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caa logoPilots know to infringe controlled or restricted airspace is potentially dangerous, very likely to inconvenience a lot of people and to be avoided at all costs. For most pilots who fly primarily in uncontrolled airspace it is something drilled into us during initial flying training. Yet even so and despite the enhanced navigation GPS systems now provide Controlled Airspace infringements are on the rise to the point where the CAA are describing over 1,000 reported to them in 2015 as "worryingly high".

 

In a move to significantly reduce these numbers the CAA have decided to immediately 'provisionally suspend' a pilot's licence whilst the alleged infringement of controlled airspace, Danger Areas or Restricted Area is fully investigated. As if to prove the point one GA pilot has recently had their licence provisionally suspended when a Red Arrows display was disrupted because of his infringement of the restricted airspace.

Under this new process a pilot is likely to have their licence(s) provisionally suspended while the details of the incident are investigated and follow-up action considered. The CAA said it is committed to delivering a speedy resolution to any investigation and will only impose a suspension for as long as it was necessary. The criteria used to determine the level of seriousness of a particular infringement has been published by the CAA here: www.caa.co.uk/cap1404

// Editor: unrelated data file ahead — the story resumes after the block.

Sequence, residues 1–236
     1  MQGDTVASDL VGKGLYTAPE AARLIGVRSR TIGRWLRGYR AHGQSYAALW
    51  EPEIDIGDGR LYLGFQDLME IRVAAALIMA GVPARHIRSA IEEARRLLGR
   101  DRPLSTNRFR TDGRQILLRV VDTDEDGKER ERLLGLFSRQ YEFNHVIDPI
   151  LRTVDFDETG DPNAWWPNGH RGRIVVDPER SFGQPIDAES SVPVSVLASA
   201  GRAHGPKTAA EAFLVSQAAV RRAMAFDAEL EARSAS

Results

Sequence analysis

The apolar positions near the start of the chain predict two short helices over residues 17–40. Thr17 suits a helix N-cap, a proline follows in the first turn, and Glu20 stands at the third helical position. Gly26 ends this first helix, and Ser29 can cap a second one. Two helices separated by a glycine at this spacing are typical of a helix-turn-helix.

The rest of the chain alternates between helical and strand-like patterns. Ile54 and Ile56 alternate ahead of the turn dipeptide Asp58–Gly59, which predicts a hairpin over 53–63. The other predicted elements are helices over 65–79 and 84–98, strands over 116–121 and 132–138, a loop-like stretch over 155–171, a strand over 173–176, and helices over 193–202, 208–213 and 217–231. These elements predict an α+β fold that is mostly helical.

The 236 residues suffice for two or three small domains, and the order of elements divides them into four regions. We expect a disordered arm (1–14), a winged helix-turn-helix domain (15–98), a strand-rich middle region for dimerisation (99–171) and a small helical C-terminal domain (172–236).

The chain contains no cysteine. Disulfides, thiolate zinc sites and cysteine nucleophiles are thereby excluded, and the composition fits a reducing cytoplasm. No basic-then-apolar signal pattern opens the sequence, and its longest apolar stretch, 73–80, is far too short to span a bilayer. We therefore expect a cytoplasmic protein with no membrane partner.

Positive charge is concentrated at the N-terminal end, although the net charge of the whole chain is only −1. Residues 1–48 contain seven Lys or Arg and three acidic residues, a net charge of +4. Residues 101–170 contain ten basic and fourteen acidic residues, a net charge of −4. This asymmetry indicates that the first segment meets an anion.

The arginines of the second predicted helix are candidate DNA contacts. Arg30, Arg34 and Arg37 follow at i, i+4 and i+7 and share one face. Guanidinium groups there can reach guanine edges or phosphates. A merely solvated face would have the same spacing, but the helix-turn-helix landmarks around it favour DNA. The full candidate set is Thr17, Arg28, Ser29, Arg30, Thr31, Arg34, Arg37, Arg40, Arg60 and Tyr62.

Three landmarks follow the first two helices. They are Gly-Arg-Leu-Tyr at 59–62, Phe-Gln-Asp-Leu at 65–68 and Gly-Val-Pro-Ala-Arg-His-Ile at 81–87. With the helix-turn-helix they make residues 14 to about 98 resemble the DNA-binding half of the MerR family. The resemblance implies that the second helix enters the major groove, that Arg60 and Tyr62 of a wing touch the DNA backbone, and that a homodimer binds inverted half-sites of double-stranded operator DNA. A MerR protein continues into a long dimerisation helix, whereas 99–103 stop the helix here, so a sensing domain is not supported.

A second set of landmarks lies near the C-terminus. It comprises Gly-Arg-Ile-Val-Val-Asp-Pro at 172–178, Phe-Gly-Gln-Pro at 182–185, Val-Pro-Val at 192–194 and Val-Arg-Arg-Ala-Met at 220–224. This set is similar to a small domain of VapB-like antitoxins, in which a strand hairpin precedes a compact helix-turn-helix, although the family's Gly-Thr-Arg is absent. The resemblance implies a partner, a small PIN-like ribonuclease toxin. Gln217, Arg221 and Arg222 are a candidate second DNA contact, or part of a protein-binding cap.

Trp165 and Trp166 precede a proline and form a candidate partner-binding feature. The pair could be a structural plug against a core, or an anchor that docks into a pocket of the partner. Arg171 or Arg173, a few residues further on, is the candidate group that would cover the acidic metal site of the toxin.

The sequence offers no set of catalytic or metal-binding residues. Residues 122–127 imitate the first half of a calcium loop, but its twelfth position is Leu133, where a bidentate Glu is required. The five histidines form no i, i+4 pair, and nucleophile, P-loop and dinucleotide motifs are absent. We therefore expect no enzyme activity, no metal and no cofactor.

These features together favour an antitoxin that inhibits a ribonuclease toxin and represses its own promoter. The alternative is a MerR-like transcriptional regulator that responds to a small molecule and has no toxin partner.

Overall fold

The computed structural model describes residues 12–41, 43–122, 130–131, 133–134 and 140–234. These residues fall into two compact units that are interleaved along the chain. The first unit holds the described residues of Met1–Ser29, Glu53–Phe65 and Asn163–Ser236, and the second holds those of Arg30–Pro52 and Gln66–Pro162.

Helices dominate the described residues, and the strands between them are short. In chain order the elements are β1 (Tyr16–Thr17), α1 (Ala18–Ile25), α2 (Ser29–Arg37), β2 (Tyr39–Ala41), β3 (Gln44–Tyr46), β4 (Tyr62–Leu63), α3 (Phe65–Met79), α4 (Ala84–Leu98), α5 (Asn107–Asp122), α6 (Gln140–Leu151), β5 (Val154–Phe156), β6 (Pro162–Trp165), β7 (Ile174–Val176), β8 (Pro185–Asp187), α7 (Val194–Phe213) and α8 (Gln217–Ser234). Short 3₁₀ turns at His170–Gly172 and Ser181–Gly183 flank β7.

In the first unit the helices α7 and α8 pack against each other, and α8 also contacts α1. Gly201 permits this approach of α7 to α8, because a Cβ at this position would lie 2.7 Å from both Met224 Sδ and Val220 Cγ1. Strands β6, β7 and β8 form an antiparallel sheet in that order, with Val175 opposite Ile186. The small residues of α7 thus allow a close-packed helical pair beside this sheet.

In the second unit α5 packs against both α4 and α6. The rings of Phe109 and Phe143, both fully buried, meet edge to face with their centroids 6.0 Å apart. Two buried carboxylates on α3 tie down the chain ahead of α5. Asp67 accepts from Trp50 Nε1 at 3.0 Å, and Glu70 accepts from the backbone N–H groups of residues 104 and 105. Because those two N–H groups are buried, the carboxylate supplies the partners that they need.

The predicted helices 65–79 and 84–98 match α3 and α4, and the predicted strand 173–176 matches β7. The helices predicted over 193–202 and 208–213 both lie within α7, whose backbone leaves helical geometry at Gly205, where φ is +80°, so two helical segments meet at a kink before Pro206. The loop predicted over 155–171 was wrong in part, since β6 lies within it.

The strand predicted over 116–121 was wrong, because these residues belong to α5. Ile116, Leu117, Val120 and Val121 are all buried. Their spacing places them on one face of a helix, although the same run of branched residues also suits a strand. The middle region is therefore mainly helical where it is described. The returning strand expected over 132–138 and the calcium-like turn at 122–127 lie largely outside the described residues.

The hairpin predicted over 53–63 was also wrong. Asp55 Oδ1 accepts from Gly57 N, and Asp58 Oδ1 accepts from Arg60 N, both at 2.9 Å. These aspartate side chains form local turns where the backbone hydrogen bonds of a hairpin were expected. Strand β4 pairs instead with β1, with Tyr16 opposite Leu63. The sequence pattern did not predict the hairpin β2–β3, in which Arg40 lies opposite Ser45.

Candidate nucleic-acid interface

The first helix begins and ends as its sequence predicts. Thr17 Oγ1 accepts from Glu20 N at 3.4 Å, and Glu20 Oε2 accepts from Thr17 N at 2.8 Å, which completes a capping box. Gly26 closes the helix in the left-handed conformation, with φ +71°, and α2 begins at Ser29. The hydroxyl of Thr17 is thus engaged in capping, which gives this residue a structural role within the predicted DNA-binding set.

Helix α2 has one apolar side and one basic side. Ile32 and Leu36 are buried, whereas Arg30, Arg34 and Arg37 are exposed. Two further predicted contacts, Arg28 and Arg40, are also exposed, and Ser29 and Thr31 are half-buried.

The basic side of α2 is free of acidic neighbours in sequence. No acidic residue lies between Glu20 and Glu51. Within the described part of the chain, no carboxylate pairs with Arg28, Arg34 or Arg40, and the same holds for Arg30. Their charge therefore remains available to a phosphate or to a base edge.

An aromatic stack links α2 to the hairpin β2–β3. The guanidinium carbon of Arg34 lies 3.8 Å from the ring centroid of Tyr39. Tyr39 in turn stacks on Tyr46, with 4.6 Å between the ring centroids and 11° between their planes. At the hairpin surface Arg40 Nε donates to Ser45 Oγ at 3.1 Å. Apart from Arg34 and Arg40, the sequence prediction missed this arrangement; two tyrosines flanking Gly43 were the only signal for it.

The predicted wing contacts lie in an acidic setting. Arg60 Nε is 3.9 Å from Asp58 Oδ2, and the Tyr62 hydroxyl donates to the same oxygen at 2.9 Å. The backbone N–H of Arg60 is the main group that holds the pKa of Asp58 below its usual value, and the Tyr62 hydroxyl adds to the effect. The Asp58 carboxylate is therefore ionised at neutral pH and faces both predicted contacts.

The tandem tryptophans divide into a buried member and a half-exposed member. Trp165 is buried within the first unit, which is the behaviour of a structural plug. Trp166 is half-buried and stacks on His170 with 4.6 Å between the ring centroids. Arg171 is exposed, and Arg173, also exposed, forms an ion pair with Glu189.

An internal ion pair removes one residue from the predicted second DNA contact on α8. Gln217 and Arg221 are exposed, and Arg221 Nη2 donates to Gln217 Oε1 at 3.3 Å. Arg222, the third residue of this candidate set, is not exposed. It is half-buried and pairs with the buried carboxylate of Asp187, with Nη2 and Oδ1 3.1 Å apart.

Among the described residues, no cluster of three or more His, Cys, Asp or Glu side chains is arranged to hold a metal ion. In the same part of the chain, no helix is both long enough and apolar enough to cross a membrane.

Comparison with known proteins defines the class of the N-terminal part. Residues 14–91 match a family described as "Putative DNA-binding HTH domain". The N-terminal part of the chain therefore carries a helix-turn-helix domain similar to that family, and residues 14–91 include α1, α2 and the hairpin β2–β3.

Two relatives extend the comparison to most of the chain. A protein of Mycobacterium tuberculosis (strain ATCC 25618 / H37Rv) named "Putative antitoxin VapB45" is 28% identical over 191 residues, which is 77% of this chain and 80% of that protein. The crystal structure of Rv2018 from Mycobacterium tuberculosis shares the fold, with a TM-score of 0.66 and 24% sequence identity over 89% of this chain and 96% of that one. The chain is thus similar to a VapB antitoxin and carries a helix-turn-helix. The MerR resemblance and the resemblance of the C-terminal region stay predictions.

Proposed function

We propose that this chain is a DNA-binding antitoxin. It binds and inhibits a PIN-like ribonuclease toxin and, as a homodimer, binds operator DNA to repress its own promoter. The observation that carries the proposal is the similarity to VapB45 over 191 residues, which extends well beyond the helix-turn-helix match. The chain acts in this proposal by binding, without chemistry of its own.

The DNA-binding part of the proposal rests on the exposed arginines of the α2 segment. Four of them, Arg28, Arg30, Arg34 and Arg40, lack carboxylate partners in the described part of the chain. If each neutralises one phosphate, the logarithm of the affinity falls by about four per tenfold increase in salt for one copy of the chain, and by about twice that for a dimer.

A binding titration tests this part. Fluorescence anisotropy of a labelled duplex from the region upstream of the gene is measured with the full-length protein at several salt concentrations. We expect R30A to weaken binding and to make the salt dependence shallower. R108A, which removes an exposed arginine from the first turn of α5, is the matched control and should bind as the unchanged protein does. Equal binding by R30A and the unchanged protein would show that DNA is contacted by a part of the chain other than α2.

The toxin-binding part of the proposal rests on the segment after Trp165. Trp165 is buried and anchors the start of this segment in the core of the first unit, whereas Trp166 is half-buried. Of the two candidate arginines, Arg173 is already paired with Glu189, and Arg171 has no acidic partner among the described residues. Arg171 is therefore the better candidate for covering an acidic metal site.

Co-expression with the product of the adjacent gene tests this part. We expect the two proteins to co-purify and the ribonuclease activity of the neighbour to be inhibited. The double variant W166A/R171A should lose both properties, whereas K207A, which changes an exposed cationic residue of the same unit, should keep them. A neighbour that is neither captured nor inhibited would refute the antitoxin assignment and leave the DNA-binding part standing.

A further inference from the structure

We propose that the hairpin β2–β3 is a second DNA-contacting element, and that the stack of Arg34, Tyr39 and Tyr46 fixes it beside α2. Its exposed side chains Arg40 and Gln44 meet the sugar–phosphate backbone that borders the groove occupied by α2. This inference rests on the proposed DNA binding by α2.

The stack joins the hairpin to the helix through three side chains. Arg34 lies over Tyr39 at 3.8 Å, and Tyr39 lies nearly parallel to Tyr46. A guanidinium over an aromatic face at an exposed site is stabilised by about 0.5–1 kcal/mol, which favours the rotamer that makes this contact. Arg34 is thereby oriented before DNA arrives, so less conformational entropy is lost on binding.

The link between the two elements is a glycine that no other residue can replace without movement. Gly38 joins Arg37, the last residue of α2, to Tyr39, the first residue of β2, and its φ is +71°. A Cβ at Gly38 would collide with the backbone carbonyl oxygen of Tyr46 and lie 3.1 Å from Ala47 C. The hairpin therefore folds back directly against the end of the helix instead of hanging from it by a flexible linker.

Details of all infringement events are assessed weekly by a team of experts made up of pilots, investigators and air traffic controllers. If an incident is deemed serious then the licence of the pilot involved will be provisionally suspended until further notice.  Depending on the outcome of the subsequent follow-up action, a decision will be made about lifting the provisional suspension.

 

The CAA said it acknowledges most infringements are unintentional yet even so each can have a significant impact on operations and all infringements carry some level of risk. Some infringements are the result of inadequate flight planning, poor airmanship or lack of pilot knowledge. In some cases there has been a deliberate flight into Controlled Airspace and even some instances of multiple infringements by the same pilot. It is likely that in these circumstances such pilots will have their licences suspended.

 

Despite the new approach of provisional licence suspension the CAA said they will continue to focus on education and training and opt for provisional suspension or legal enforcement in more serious cases. 

 

The CAA hope this new approach will bring it home to pilots the gravity of an infringement and the need for these very high numbers to decline urgently.

 

Here is some helpful advice from the CAA about how to avoid infringing http://infringements.caa.co.uk/

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